plaintiffs, respondent filed a Notice of Appeal dated May 22, 2009, in which respondent
indicated his Mandatory Continuing Legal Education (MCLE) Compliance No. II-0014038
without indicating the date of issue thereof. 2 On appeal, respondent filed the appellants' brief,
again only indicating his MCLE Compliance Number. 3
In another case docketed as Special Civil Action No. 3573, respondent, for the same clients,
filed a Petition for Injunction wherein he once again only indicated his MCLE Compliance
Number. 4 Respondent also filed a Motion for Leave of Court dated July 13, 2009 in the said
special civil action, indicating his MCLE Compliance Number without the date of issue. 5
Upon inquiry with the MCLE Office, complainant discovered that respondent had no MCLE
compliance yet. The MCLE Office then issued a Certification dated September 30, 2009,
stating that respondent had not yet complied with his MCLE requirements for the First
Compliance Period (April 15, 2001 to April 14, 2004) and Second Compliance Period (April
15, 2004 to April 14, 2007). 6
Hence, this complaint. Complainant argues that respondent's act of deliberately and unlawfully
misleading the courts, parties, and counsels concerned into believing that he had complied with
the MCLE requirements when in truth he had not, is a serious malpractice and grave
misconduct. 7 The complainant, thus, prayed for the IBP to recommend respondent's
disbarment to this Court. 8
In a resolution dated February 10, 2010, this Court required the respondent to file a comment
on the complaint within 10 days from notice. 9 Despite receipt thereof, however, respondent
failed to comply with the said resolution. 10 This Court, thus, issued another resolution dated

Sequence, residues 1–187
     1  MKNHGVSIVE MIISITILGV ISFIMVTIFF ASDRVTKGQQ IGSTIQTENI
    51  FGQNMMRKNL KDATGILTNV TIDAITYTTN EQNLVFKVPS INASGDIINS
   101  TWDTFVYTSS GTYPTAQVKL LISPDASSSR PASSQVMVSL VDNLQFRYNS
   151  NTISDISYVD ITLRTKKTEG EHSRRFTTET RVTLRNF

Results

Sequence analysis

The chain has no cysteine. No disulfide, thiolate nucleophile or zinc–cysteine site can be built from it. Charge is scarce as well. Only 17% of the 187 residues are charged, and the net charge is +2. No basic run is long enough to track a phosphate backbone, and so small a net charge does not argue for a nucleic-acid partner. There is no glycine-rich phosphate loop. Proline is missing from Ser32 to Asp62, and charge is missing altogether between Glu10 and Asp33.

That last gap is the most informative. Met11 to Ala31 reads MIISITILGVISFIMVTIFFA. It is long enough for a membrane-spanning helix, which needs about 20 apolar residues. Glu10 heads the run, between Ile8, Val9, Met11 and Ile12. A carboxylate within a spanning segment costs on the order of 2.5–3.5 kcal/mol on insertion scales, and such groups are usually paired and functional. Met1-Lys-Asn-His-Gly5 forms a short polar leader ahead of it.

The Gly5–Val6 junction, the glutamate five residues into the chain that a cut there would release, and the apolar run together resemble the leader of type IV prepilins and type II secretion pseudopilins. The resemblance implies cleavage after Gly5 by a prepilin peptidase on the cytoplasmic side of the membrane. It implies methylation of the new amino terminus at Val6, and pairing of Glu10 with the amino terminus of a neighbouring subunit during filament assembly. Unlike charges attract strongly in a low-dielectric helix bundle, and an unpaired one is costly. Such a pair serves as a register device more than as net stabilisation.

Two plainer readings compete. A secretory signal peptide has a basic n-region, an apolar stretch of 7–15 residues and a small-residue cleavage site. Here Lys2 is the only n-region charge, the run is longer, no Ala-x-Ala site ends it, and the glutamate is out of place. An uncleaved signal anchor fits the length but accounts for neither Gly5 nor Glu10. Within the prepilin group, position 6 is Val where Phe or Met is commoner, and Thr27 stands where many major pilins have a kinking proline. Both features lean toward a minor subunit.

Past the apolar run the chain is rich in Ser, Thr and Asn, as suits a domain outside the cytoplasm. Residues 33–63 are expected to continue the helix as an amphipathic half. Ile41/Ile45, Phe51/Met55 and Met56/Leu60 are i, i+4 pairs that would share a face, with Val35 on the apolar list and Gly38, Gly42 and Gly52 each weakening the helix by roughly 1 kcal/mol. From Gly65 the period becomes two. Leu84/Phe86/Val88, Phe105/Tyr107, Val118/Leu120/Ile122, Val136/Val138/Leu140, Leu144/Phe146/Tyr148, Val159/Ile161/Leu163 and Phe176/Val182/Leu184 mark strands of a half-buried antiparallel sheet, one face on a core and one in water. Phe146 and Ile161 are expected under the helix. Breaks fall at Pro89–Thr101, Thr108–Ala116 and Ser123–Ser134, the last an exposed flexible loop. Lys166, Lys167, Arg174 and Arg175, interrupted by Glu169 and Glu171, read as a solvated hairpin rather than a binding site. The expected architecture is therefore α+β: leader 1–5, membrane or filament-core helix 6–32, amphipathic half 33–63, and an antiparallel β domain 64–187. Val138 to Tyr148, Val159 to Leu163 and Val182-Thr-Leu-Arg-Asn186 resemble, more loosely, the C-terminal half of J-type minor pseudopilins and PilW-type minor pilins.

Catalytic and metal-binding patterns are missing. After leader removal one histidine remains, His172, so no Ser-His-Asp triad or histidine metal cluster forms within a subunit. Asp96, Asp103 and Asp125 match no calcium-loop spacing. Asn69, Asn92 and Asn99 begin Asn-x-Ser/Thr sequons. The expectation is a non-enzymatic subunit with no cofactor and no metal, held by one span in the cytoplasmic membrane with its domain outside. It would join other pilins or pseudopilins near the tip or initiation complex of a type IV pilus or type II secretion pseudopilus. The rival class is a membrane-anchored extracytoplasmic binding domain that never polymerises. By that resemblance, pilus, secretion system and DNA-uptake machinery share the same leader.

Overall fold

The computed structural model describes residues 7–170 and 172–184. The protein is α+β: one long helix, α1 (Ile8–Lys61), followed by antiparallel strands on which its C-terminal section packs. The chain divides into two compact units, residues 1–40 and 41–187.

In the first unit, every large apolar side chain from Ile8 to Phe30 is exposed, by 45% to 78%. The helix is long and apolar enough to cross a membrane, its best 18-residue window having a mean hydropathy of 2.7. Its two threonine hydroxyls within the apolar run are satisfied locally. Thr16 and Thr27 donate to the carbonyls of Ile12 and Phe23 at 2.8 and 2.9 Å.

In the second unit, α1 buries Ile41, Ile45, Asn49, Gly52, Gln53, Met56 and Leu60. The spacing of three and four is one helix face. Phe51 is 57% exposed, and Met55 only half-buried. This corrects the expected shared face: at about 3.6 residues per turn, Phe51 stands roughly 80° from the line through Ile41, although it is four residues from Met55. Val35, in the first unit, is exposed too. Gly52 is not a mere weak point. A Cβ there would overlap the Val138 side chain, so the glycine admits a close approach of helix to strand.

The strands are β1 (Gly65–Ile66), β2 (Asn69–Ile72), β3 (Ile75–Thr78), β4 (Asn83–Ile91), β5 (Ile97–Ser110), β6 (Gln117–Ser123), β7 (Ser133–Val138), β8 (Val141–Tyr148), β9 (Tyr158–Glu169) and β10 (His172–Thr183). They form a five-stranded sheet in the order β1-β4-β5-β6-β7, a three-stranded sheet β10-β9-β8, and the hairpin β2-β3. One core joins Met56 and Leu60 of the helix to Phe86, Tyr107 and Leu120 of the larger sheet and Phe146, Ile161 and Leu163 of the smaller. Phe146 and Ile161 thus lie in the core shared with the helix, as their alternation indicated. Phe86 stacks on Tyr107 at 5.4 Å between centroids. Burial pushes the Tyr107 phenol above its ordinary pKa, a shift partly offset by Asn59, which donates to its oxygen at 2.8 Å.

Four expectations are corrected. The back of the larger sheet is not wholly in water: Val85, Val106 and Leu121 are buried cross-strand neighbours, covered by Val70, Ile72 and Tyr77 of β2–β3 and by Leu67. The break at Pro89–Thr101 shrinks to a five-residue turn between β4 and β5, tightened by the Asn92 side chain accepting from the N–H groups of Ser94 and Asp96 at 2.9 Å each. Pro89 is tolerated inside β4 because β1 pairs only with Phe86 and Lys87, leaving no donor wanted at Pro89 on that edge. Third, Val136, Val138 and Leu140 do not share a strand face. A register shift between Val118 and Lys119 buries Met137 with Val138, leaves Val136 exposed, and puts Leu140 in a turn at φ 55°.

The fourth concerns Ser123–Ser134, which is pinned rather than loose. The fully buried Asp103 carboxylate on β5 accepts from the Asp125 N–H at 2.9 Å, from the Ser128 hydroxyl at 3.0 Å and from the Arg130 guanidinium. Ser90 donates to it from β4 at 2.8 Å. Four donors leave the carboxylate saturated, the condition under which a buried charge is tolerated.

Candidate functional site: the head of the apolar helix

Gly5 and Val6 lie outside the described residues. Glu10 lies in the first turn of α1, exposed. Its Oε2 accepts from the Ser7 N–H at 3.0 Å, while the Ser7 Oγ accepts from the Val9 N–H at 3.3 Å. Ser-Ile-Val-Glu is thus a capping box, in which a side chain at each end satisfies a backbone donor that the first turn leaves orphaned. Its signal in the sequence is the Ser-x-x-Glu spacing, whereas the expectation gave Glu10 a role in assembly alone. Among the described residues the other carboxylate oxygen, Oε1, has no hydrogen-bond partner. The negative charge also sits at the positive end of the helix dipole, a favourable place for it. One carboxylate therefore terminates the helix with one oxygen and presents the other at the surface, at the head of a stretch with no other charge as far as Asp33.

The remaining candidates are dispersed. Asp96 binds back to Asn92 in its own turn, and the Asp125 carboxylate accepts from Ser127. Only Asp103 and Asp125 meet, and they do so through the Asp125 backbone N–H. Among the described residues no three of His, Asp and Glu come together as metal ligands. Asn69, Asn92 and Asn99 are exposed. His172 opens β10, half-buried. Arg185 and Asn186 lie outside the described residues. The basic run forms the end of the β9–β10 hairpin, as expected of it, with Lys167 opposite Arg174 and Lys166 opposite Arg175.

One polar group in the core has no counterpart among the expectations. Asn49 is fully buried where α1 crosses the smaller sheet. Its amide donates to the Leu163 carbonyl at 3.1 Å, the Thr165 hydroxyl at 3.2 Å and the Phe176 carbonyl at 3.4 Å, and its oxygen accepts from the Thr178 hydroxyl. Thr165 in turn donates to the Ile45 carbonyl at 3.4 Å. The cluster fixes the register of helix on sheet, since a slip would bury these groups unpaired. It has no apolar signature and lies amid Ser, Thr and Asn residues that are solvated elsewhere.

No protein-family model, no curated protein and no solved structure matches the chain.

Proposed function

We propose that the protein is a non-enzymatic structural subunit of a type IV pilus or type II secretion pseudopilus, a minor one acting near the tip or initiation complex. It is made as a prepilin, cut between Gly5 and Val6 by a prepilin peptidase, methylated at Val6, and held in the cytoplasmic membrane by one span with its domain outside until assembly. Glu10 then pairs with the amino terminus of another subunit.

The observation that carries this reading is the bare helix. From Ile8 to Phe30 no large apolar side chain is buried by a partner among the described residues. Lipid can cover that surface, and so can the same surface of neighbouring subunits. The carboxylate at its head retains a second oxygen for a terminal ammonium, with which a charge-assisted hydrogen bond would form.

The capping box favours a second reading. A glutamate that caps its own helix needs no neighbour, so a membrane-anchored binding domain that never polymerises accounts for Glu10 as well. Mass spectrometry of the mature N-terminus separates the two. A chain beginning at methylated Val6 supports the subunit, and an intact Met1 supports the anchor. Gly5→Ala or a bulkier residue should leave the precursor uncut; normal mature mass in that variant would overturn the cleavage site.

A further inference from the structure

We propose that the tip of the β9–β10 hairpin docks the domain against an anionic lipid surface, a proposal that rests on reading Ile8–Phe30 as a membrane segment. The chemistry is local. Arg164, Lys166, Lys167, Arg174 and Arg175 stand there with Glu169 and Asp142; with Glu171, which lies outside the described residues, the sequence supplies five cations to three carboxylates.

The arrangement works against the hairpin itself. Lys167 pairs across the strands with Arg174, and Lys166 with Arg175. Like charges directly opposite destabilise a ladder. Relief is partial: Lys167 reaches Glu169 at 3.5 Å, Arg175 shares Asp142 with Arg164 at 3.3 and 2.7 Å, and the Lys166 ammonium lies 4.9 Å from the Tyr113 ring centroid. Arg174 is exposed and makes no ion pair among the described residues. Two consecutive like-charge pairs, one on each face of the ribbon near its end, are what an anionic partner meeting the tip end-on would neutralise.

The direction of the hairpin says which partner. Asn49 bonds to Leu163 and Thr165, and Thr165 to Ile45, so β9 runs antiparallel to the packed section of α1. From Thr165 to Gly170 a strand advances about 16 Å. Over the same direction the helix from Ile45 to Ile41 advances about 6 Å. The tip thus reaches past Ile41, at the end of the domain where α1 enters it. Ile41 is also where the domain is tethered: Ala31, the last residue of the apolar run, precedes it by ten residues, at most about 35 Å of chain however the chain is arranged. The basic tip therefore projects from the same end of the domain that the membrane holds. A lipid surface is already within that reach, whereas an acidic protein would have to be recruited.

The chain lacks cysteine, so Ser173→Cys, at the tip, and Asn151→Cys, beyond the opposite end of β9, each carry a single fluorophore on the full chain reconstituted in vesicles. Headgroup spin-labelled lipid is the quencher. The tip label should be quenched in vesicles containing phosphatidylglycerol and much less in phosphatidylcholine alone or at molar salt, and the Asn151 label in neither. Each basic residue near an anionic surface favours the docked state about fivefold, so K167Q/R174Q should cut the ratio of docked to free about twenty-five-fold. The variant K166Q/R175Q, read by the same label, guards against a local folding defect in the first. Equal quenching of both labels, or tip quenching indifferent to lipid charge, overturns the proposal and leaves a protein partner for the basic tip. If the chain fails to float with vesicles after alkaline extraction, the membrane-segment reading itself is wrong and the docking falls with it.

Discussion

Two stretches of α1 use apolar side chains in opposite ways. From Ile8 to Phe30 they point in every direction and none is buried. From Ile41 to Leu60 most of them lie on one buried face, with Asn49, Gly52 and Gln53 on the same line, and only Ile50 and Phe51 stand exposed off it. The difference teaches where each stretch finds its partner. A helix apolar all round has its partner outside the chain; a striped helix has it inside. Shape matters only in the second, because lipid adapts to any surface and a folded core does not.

July 11, 2011 requiring the respondent to show cause why he should not be disciplinarily dealt
with or held in contempt for such failure and, again, to file a comment to the
complaint. 11 However, the respondent again failed to comply. 12
On August 14, 2013, the IBP Commission on Bar Discipline (IBP-CBD) issued a Notice of
Mandatory Conference/Hearing. 13 On the date of the hearing, however, none of the parties
appeared despite due notice. 14 Nonetheless, the IBP directed the parties to submit their
respective position papers within 10 days from notice. 15Only the complainant filed his
position paper, reiterating the allegations and arguments in his complaint. 16
After investigation, the Investigating Commissioner of the IBP-CBD rendered a
report 17 dated December 17, 2013 with the following recommendation, to wit:
WHEREFORE, after a careful evaluation of the pieces of evidence submitted
by the complainant, it is recommended that ATTY. ANSELMO S. ECHANEZ
be DISBARRED and that his name be stricken from the Roll of Attorneys upon
finality of the decision.
SO ORDERED. 18
On September 28, 2014, the IBP Board of Governors issued Resolution No. XXI-2014-685,